On Earth, Kirk is facing his birthday, without  the  joy  such  an  occasion usually brings.  He receives gifts from Spock and McCoy, but Spock  is soon off  to his command of Enterprise and her trainee crew before McCoy even arrives.  McCoy, noticing Kirk’s attitude, urges him to stop flying a desk and get back to active duty.  Kirk considers this.

Meanwhile, Chekov and Capt. Terrell are looking for a suitable life-less planet to test the Genesis Device, a new scientific breakthrough if it works. They find a dessert world with anomalous readings and go down to take a look.  On the planet, Chekov finds a wrecked Botany Bay and freaks.  But it’s too late, they are captured by Khan and his men.  Khan takes the young of two Ceti eels and places them in the two men’s helmets, which he then screws onto their spacesuits.  The eels go into their ears, allowing Khan to control the two men and get classified information from them.  He takes control of  their ship, the Reliant, then travels to the research lab in charge of  the Genesis project.  Dr. Carol Marcus, and her son, David, are in control of  the project.

Kirk boards the Enterprise, with Spock as Captain, Saavik as trainee first officer, and the crew we know from the series:  McCoy, Scotty, Uhura and Sulu.  They head out of space dock in an impressive and beautiful sequence, for a routine training mission.  But soon they get a garbled message from the Genesis Project research lab.  Kirk is concerned because he was close to Dr. Carol Marcus once, and we will learn, David is his son from his relationship with Carol, though the two men have had no relationship at her insistence.  Kirk takes McCoy and Spock into his office to show them the highly classified Genesis research tape.  Genesis, or new life from lifeless matter, is a type of terraforming that can create an entire planet, sun, and ecosystem.

Spock gives command to Kirk, who orders the Enterprise make best speed for the research lab. They are attacked by the Reliant.  With shields down, Enterprise was helpless, and Scotty’s nephew, Peter, was killed in the engagement.  Other trainees are killed as well, and Kirk and McCoy are visually and understandably upset by this.

Kirk manages to escape the Reliant, makes his way to the research lab, and he, Saavik, and McCoy beam over. On the lab, they discover most of the scientists are dead.  Carol and David, however, are alright.  They soon discover Chekov and Capt. Terrell as well.  Chekov fills them in a bit about Khan, but not all the details.  They beam down to the Genesis Project Cave in the interior of the planetoid that the lab orbits.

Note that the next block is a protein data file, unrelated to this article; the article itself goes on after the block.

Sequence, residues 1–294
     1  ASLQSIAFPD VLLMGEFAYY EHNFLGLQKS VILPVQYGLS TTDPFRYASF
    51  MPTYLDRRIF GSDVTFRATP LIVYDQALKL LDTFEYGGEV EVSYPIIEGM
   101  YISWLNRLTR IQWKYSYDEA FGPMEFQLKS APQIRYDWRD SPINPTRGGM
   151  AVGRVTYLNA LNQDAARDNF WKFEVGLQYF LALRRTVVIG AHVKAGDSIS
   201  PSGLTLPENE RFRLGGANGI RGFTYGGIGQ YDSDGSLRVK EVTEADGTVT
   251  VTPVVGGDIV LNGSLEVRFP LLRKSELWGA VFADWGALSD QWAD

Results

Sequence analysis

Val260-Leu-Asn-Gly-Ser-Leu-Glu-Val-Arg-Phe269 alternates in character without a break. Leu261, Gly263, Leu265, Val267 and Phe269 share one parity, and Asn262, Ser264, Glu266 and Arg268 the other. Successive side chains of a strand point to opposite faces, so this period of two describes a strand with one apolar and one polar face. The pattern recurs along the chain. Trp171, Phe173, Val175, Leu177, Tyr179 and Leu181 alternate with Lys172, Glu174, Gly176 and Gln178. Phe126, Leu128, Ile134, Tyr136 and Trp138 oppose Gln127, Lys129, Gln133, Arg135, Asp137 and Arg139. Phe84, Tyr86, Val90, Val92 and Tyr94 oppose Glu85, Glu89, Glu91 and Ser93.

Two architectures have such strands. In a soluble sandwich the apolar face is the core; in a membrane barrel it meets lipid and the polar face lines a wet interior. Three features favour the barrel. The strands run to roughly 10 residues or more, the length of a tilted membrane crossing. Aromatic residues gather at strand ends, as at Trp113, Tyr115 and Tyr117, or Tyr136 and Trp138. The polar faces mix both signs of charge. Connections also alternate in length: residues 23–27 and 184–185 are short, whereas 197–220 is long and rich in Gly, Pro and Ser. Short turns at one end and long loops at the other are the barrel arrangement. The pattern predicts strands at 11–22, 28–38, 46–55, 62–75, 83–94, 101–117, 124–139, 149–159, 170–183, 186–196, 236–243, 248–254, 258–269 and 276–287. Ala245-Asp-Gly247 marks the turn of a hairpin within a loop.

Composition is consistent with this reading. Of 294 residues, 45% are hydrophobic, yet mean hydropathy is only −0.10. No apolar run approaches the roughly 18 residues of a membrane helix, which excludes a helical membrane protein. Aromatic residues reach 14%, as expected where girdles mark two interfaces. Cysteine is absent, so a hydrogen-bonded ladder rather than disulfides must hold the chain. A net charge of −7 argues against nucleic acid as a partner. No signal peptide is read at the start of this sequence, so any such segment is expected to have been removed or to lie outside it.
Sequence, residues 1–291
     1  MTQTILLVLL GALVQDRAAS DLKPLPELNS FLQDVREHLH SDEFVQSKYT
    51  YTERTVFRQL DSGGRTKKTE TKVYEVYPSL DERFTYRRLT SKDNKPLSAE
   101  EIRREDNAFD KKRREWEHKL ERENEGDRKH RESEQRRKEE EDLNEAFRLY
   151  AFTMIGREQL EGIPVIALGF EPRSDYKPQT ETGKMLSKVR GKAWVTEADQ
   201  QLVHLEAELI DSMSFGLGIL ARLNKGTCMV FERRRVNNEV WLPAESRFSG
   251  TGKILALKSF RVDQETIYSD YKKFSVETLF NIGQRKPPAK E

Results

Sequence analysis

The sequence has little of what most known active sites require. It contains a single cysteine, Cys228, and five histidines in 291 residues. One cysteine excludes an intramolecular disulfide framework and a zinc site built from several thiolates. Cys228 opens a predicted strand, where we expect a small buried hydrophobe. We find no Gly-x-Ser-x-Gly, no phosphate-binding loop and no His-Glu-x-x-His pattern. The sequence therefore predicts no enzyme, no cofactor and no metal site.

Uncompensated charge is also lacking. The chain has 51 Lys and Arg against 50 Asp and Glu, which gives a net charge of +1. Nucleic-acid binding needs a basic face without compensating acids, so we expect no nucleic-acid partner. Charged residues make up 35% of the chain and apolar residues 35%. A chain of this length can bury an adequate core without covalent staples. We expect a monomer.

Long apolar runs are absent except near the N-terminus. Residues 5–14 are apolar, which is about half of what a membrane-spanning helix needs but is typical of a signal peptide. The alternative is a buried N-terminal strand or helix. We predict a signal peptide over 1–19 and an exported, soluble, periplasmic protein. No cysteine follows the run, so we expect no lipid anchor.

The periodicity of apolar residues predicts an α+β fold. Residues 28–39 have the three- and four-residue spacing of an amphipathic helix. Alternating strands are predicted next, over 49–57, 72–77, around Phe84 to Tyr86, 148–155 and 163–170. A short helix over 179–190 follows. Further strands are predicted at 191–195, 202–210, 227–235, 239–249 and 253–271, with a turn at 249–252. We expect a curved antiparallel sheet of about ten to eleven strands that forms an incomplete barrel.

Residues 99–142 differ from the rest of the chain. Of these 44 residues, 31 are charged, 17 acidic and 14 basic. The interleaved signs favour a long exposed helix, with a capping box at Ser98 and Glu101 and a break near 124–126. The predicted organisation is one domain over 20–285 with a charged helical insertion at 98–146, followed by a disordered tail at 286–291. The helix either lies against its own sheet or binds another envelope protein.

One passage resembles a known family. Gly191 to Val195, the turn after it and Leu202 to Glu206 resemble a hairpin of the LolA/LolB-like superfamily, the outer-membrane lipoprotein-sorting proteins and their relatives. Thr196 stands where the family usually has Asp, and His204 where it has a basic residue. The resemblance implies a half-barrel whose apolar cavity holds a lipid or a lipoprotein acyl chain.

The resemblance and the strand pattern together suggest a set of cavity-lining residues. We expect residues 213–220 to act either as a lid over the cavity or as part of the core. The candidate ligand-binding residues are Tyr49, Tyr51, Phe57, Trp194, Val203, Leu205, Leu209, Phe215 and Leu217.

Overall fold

Once in the Genesis Project cave, Terrell and Chekov reveal they are still under Khan’s control.  But Terrell commits suicide rather than kill Kirk as he is ordered.  Chekov simply collapses in pain and distress, and the eel oozes out of  his ear.  Khan beams up the Genesis Device to the Reliant.   McCoy begins treating Chekov, who slowly recovers now that the eel is out of his ear and brain stem.

Carol takes the group to see the Genesis cave, a lush forest that even has a sun-like light source.  Saavik and Kirk discuss no-win scenarios.  Kirk then whips out his communicator and contacts Spock and they are all beamed aboard Enterprise.

What follows is really a sub-hunt between Kirk and Khan; Kirk on the Enterprise and Khan on the Reliant. They hide and chase each other in a nebula, because Kirk still doesn’t have scanners or shields and he wants Reliant to have the same disadvantages.  During the engagement, Spock points out that Khan’s fighting style suggests two-dimensional thinking.  Kirk nods, then drops the Enterprise, before coming up behind her, and finishing her off.  Knowing he’s beaten and dying, Khan ignores the “prepare to be boarded” order and ignites the Genesis Device.

The Enterprise had been moving and fighting with impulse power only, and now they need to get out of there quickly.  For, if they are caught in the Genesis Wave, the ship will be destroyed and everyone will die.  Kirk calls down to engineering for more power, and more speed, but engineering’s been hit.  Then he notices Spock has left the bridge.

Spock meanwhile, has arrived in engineering.  Scotty’s injured, McCoy is trying to help, and the engineering core is leaking radiation.  Spock goes to enter the core area to fix it, but McCoy stops him.  Spock distracts the doctor, then knocks him out with a Vulcan neck pinch.  He begins to quickly try to repair the warp core, in a glass chamber, surrounded by deadly radiation.

Kirk arrives, sees Spock slumped over, and has to be held back by McCoy and Scotty, before he enters the chamber and floods the room with radiation.  Spock, slowly, goes to the door.  He reminds Kirk, “The needs of  the many…” and Kirk answers “…outweigh the needs of the few or the one.”  But Kirk, as happy as he is that his ship and crew have now survived, mourns the one he has lost.  Spock then reminds Kirk, “I have been and always shall be your friend,” gives him the Vulcan salute, and tells him, “Live long and Prosper”.  Kirk places his hand on the glass, their hands meet, and Kirk slumps with Spock to the floor, though they can’t physically touch.

Spock, also, when McCoy was knocked out, said to him, “Remember”.  Kirk breaks up while eulogizing Spock at his funeral, then the body is ejected into space, but the torpedo coffin lands on the Genesis planet.  Kirk and Carol look at the planet from the Enterprise bridge, amazed at the beauty.